• Contrast Black and White. Life and Death. Thickness and Weakness.
  • Gradients I’m not sure the game does a great job of manifesting this.
  • Roughness Boundaries between positions are never straight lines. Leaving a position slightly unfinished to move on to other areas of the game. The fact that people don’t place the stones exactly on the intersections: this stone is a little up, that one is a little to the right.
  • Echoes I’ll have to think about this one a bit more; I think there’s something to it in the go context, but I’m not sure yet.
  • The Void The board at the start of a game. Moyos. Large territories. The fact that (in Japanese rules, at least), you win by enclosing more empty space than your opponent.
  • Simplicity and Inner Calm The game’s made out of a board, a grid, and black and white stones, nothing else.
  • Not-Separateness The effects that stones have on adjacent stones, that groups have on adjacent groups, that (in the context of a ladder) a stone on one side of the board can determine tactical success or failure on the other side of the board.

Works for me; maybe this Alexander chap is on to something? Makes me wonder if I could improve my go game by concentrating more on expressing his properties.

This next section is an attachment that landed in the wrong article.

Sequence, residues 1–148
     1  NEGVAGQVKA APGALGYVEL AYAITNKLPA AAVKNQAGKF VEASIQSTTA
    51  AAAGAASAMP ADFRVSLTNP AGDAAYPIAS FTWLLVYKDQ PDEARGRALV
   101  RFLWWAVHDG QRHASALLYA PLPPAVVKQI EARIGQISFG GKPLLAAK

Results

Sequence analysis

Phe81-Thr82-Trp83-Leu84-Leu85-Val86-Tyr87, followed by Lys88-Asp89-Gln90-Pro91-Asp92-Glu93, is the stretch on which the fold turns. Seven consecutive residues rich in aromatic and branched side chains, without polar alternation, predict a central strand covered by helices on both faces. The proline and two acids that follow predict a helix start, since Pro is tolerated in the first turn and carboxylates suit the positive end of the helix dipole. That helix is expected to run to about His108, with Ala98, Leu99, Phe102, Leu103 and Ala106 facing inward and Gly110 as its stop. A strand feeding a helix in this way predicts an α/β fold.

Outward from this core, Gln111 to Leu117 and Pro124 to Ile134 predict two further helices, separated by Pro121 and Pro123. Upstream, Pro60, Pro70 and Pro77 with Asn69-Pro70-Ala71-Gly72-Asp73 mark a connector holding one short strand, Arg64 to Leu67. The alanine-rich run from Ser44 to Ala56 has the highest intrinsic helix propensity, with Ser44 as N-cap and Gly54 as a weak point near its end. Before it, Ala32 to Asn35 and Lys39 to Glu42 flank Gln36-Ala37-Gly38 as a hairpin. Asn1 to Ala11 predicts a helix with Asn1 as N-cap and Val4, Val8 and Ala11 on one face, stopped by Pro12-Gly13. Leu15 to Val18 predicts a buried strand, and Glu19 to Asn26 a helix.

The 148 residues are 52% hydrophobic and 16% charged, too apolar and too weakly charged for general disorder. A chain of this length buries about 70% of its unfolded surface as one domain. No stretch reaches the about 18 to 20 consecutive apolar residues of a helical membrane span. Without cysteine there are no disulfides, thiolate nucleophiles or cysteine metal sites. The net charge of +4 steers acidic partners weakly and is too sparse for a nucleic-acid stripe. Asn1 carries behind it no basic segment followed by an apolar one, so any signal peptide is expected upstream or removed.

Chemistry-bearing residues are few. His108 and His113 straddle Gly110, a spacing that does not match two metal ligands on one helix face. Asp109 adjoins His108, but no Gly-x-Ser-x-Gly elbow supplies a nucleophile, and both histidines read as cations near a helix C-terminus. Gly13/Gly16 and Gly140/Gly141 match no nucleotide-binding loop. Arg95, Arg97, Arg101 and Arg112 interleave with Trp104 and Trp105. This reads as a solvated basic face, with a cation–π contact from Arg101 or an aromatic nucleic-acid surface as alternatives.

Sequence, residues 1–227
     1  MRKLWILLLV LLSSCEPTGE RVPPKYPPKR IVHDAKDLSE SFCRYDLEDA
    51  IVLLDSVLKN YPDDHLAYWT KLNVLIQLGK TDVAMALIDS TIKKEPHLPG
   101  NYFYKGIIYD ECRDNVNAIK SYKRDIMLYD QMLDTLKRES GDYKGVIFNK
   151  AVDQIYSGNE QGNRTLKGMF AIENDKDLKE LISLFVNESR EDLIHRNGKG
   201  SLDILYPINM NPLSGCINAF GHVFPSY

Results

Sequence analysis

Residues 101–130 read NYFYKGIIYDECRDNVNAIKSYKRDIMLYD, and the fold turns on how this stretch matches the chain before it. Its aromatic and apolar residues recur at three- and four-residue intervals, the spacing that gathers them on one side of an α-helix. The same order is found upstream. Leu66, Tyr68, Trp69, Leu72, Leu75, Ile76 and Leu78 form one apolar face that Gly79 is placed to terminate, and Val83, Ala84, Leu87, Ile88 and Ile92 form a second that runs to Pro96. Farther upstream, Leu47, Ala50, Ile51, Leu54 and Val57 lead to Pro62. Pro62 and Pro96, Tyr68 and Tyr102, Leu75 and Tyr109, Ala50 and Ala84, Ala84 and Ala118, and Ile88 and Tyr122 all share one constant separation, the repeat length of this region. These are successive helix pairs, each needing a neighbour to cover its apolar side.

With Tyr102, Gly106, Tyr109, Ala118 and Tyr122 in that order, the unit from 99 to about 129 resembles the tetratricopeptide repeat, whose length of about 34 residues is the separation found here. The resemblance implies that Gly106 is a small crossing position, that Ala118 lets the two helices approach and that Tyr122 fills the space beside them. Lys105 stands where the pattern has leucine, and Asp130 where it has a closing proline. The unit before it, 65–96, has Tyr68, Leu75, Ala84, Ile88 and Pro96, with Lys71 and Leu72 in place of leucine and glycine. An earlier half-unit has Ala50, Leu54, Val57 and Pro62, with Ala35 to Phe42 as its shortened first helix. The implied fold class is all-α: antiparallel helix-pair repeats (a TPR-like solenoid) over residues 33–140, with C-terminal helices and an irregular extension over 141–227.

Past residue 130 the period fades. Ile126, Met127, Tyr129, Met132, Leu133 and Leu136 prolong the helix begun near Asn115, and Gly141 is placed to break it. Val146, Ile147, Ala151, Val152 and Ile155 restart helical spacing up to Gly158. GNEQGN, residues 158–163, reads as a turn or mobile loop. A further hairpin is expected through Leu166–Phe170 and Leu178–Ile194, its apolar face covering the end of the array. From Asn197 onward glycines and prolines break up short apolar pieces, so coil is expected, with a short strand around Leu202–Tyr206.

What about a video game example? (I don’t expect them to do nearly as well as go.) I just finished Half-Life 2, so let’s use it as an example.

And, immediately, I run into a problem. The examples in his book are physical objects; in my go example, the physical positions of stones gave enough grist for my analytic mill that I didn’t have to go beyond that. But just talking about the physical layout of (the abstract space in) a video game leaves out so much of what makes them important! Not sure what to do about that; I’ll follow my nose and see where I end up.

  • Levels of Scale Small objects, large objects and characters, vehicles, rooms, buildings, areas, levels, the game as a whole? Shooting a weapon, fighting an enemy, fighting a group of enemies? And perhaps some of my earlier complaints about excessive repetition could be ways in which the game misjudged this?
  • Strong Centers The strikingly different character of some of the levels? The clear distinctions between types of weapons? Alyx? Large battle set pieces (boss battles, effectively) punctuating levels? Different places to take cover (with different virtues) in those battles? Maybe the levels could have used more of this in their physical layout, actually: if I’m going through section after section that feels the same, that’s a sign that I wanted more strong centers.
  • Boundaries At first, I thought the game did a bad job of the sort of thick boundaries that Alexander is talking about. And there really isn’t that much transition from section to section. Then again, maybe the mini-levels (typically involving hooking up with the resistance) that punctuate the longer levels are an example of this? Or the approach to the prision (with bugs!) is a boundary between the travel level and the prison itself? So now I think there are some, but that the game could use more.
  • Alternating Repetition Battle, quiet, battle, quiet. Building, outside, building, outside.